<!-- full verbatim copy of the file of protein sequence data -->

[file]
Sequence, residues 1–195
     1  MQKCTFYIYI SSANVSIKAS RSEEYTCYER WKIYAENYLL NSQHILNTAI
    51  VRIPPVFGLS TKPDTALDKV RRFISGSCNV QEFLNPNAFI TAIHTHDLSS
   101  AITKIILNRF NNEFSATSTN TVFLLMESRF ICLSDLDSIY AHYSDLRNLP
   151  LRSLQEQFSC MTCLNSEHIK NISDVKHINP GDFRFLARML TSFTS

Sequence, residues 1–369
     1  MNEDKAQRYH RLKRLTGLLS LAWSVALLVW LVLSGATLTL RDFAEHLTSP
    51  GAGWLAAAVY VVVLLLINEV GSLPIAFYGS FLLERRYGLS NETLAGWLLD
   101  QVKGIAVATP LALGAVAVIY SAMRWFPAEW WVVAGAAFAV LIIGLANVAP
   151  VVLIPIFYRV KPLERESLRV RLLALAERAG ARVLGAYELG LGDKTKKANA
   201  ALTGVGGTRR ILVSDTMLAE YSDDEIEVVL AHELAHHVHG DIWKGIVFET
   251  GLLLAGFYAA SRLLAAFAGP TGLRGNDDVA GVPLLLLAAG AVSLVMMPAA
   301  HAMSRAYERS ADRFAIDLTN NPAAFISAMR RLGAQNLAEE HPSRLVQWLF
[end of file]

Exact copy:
Sequence, residues 1–195
     1  MQKCTFYIYI SSANVSIKAS RSEEYTCYER WKIYAENYLL NSQHILNTAI
    51  VRIPPVFGLS TKPDTALDKV RRFISGSCNV QEFLNPNAFI TAIHTHDLSS
   101  AITKIILNRF NNEFSATSTN TVFLLMESRF ICLSDLDSIY AHYSDLRNLP
   151  LRSLQEQFSC MTCLNSEHIK NISDVKHINP GDFRFLARML TSFTS

Sequence, residues 1–369
     1  MNEDKAQRYH RLKRLTGLLS LAWSVALLVW LVLSGATLTL RDFAEHLTSP
    51  GAGWLAAAVY VVVLLLINEV GSLPIAFYGS FLLERRYGLS NETLAGWLLD
   101  QVKGIAVATP LALGAVAVIY SAMRWFPAEW WVVAGAAFAV LIIGLANVAP
   151  VVLIPIFYRV KPLERESLRV RLLALAERAG ARVLGAYELG LGDKTKKANA
   201  ALTGVGGTRR ILVSDTMLAE YSDDEIEVVL AHELAHHVHG DIWKGIVFET
   251  GLLLAGFYAA SRLLAAFAGP TGLRGNDDVA GVPLLLLAAG AVSLVMMPAA
   301  HAMSRAYERS ADRFAIDLTN NPAAFISAMR RLGAQNLAEE HPSRLVQWLF